Gunyah Bush Nursing. The following members of the above committee met at the Central Hall on Saturday afternoon, 13tli inst.;—Messrs Ii. .T.- York "(chair), Olsen, McLeods, Mesdames Rogers, , Walkley, W. Simpson and Stafford. ' Previous minutes were, confirmed. Correspondence received and dealt , with. • i Correspondence. From Dr. E. Barrett, of Toora, stating that Nurse's explanation re removal of splints on boy's arm at Wonyip was quite satisfactory as the boy had had a fall which misplaced splints and Nurse had under these circumstanccs re-adjusted them. The committee were of opinion that had Dr. Barrat in the iirst place made known his grievance to the committee a satisfactory explanation j could have been given, which would probably have saved much adverse and undeserving criticism of nurse. . From Sister Greer, in reply to se cretary, asking for outline of what ' may he expected from a bush nurse. "If the nurse = ls a resident in the house she can do the patient's ma- ; ternit...
Other Countries' Spies. [Newspaper Article] — Foster Mirror and South Gippsland Shire Advocate — 18 February 1915
Other Countries' Spies. Russia spends nearly as much as Germany on its own spy system, and manages to get better value for its money than its neighbors, as the Ger mans have already learned to their cost in Eastern Europe. German offi cers protest that the Russians know more about the country than they do themselves, and that the most secret movements of their troops cannot be kept secret from their foe. Italy pays close on £200,000 per annum lor her secret service, and France and Japan are fairly prodigal on their own ac count. Austria maintains a most ela borate spy system, but has not paid Great Britain very much attention in the past. Her agents are occupied chiefly in her own country, in Italy and in the Balkan States. It has al ways been part of her policy to stir up internal Btrife in Bo.snia, Servia, and Bulgaria. In Sarajevo one-half of the population is paid to spy upon the other half, and Bosnia and Herze govina simply swarm with secret agents. A large number of priests a...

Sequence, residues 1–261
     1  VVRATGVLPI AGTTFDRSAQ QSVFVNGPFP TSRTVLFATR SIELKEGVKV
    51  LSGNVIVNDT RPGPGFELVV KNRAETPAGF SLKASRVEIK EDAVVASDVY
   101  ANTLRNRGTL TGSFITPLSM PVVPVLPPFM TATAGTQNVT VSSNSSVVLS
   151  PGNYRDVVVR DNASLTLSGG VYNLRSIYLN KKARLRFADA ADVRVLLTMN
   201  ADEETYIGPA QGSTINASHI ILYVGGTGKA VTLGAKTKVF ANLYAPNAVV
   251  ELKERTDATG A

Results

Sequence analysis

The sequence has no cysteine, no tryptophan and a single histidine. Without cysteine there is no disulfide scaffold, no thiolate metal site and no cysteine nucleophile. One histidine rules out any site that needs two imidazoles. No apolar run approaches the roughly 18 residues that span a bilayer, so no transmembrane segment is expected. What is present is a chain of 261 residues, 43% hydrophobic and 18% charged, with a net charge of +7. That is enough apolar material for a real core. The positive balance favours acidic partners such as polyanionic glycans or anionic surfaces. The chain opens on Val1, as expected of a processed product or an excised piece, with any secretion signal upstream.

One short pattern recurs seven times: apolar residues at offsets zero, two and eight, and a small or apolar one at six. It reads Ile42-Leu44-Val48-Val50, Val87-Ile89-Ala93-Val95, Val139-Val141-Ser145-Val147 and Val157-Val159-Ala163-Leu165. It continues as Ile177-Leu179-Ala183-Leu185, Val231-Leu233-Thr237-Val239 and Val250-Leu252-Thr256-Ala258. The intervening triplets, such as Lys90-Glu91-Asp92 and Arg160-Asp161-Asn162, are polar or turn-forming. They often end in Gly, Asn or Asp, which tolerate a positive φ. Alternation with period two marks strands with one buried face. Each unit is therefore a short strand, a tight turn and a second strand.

Foster School Picnic. [Newspaper Article] — Foster Mirror and South Gippsland Shire Advocate — 18 February 1915
Foster School Picnic. Tlic meeting convened for Friday j nigh fc last in connection with the | above picnic was attended by the fol lowing :—Messrs 1'. Deveney (chair), W. A. llicc, F. Fisher, J. Baker, W. Wood, AV. Collis, 1". De.'lin, [I. U. Hodgson and Mesdatnes .). J . Tobias, P. Devlin, 0. Jones, A. Giilliths and W. Col'.is. J Mr. Deveney briefly explained the object of tlie meeting and then left it j open for discussion. Tin; first proceed ings being the election of otlicers as ' follows :— President, Mr. Deveney ; ! treasurer, Mr lialier ; secretary, Mr Hodgson. The ladies were appointed a committee to canvass for subscrip tions. It was decided on the motion of Messrs Wood and (Jul J is tli.it- (he event be held on Saturday, March Gtli, and that (lie Foster beach be the place to hold it. Moved by Messrs Hodgson and Devlin "that the catering be given to the local bakery, and that outside schools lie asked to join in&lt;»\vitli the understanding that they provide their ...
A1's Crave. This story was narrated in a West Country hospital, says the "Nursing Mirror":— [Newspaper Article] — Foster Mirror and South Gippsland Shire Advocate — 18 February 1915
A1's Crave. This story was narrated in a West Country hospital, says the "Nursing Mirror": — Two soldiers badly wounded lay beside a dying German. Earlier in the day one Tommy would have "gone" for him, but now they lay there, hot, tired, thirsty, and in pain. "Wot wouldn't I give for a drink!" remarked one man to the other. The German understood the word "drink" —singularly like his own. The soldier who lived to tell the tale said, " 'E lcep' saying ' 'Ere,' point ing to 'is side. We thought as 'ow 'e wanted liftin' ur. and couldn't rest easy, so after a bit I managed to hoist myself up and give him a pull, and then I found 'e was a-lying on 'is water-bottle. It was full of wine and water, and I 'eld it to 'is lips. "Pore chap! 'e was nigh done then, but 'e ses, 'No, not me—I die—you drink!' Pore bloke, he died, too, 'e did, and inter some of us buried 'ini proper, wiv a kind of a headstone, and on it I wrote on a bit of paper "Al." Paper was rare, you know, but we wanted to put so...
Toora Church of England. [Newspaper Article] — Foster Mirror and South Gippsland Shire Advocate — 18 February 1915